Category Archives: General

Real Stuff—Children’s Lit Corner

“Fireman Fred, Fireman Frank, lift the ladder, squirt the hose!” Several times a day I would hear phrases like this coming from my young son’s bedroom as he played with his fire truck toy and one leg of a pair … Continue reading

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in verse #38 : Greek to me

Alexander Pope, born in 1688, dead in his 56th year, commonly viewed as the last great neo-classicist, could also be viewed as the first of the Romantics — because of his sincerity.  As Aubrey Williams has it:  “Pope’s poetry can … Continue reading

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More Mormon Comics, Please: A Review of Stephen Carter and Jett Atwood’s iPlates

Mormon comics have been around for a while. For the sake of time and space, I’m not going to attempt a complete history here, but I will direct you to Theric’s excellent chapter on Mormon comics in J. Michael Hunter’s … Continue reading

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In Tents #38 The Physical First, Then the Spiritual

On Sunday, October 15, 1843, Joseph Smith preached “at the stand east of the Temple.” He began by talking about the Government’s (capital letter his) failure to uphold the civil rights of the saints, then turned to the failure of … Continue reading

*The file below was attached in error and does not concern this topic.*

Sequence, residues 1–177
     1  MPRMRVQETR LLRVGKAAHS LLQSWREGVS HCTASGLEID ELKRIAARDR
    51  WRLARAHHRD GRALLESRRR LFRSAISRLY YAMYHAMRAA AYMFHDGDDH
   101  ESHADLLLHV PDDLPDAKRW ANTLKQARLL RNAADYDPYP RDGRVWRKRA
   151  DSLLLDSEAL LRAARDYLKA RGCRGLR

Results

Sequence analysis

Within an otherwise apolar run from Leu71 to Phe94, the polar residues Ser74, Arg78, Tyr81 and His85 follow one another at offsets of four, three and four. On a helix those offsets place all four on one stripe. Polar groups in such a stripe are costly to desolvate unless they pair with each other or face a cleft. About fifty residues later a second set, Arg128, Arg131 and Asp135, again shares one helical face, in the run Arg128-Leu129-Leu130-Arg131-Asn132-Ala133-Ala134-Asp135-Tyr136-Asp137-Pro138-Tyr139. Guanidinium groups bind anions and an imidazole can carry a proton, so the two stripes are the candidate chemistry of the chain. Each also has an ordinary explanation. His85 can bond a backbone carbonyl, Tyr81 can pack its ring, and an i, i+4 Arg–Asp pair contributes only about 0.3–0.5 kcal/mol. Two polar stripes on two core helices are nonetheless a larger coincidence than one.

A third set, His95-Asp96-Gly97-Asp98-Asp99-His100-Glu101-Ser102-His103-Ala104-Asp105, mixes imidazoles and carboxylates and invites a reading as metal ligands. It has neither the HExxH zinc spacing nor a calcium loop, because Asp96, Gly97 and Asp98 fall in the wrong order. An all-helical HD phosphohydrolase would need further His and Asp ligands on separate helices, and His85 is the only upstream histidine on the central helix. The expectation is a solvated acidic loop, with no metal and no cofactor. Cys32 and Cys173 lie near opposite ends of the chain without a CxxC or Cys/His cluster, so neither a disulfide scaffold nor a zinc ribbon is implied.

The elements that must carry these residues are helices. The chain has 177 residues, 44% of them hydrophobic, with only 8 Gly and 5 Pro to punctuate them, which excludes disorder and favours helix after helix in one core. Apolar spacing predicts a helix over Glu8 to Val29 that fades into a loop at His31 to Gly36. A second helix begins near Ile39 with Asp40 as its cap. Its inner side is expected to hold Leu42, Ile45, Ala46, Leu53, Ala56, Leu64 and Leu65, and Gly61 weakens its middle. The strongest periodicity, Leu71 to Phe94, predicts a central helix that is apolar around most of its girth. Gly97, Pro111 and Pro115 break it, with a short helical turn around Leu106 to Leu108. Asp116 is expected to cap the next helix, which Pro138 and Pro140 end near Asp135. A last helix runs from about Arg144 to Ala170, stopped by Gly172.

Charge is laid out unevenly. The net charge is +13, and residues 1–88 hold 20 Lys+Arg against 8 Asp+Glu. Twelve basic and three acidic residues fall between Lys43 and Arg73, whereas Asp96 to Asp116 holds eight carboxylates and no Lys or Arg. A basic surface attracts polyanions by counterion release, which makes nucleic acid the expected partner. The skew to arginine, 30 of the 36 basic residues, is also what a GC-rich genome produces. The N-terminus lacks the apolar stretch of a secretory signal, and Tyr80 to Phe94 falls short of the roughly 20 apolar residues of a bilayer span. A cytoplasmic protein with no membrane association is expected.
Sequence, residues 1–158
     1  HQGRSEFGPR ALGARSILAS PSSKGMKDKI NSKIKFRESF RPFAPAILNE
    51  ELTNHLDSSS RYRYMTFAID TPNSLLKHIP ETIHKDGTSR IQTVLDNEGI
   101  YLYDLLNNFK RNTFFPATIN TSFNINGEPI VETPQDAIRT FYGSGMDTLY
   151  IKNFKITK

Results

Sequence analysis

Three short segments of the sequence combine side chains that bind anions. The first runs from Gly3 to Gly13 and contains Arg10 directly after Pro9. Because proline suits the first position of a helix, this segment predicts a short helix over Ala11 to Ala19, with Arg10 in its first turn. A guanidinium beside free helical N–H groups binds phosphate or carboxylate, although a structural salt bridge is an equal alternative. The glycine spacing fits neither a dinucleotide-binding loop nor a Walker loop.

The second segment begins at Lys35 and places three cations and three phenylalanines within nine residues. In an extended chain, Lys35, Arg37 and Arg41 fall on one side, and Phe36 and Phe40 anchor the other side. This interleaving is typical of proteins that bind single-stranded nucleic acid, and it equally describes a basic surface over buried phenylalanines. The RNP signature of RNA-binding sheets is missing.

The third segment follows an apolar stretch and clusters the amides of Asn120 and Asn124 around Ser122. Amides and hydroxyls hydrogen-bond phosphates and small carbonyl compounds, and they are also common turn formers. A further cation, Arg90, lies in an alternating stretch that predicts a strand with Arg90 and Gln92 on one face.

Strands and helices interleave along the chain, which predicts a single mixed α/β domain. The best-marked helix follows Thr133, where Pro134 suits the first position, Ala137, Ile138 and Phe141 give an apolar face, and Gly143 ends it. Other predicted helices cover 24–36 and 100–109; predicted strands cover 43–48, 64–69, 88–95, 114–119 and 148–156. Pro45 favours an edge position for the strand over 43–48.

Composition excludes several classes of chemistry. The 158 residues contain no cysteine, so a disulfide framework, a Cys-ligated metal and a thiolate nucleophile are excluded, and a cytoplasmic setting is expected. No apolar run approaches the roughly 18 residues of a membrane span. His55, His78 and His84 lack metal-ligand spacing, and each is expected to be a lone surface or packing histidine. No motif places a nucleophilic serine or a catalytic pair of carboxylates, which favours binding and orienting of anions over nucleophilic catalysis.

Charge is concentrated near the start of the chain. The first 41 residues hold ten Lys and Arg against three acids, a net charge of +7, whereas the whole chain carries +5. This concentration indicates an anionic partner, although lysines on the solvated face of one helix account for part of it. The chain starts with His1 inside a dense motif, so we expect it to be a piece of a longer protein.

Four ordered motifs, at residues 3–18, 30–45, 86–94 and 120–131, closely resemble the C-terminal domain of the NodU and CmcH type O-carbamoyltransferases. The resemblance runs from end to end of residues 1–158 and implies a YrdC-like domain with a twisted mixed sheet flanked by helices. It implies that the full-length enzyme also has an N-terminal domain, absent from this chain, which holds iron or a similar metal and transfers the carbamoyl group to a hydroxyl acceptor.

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Parallel Earths

I recently read An Island in the Sea of Time by S. M. Stirling, in which the entire island of Nantucket from 1998 A.D. mysteriously ends up in around 1250 B.C.  It reminded me quite a bit of Eric Flint’s … Continue reading

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Mormon Enough? I’m Relieved to Discover…

I believe the tendency to reduce and exclude, to narrow definitions to simple, direct memes has its uses. In criticizing literature by Mormons or for Mormon audiences, Mormon critics must necessarily categorize and differentiate which shelves should carry which stories. Readers deserve to know.

But I think we do ourselves a disservice if we dismiss as irrelevant those works by self-described Mormon authors that are not told in culturally Mormon forms and terms. Because it is precisely these subconsciously Mormon tales that can reveal deep Mormonism to those audiences most capable of understanding those themes. Not better than more overt tales, but just as deserving of our thoughtful criticism. It would be a shame to institutionally dismiss what could be some of our most deeply Mormon works because that Mormonness was not obvious enough. Continue reading

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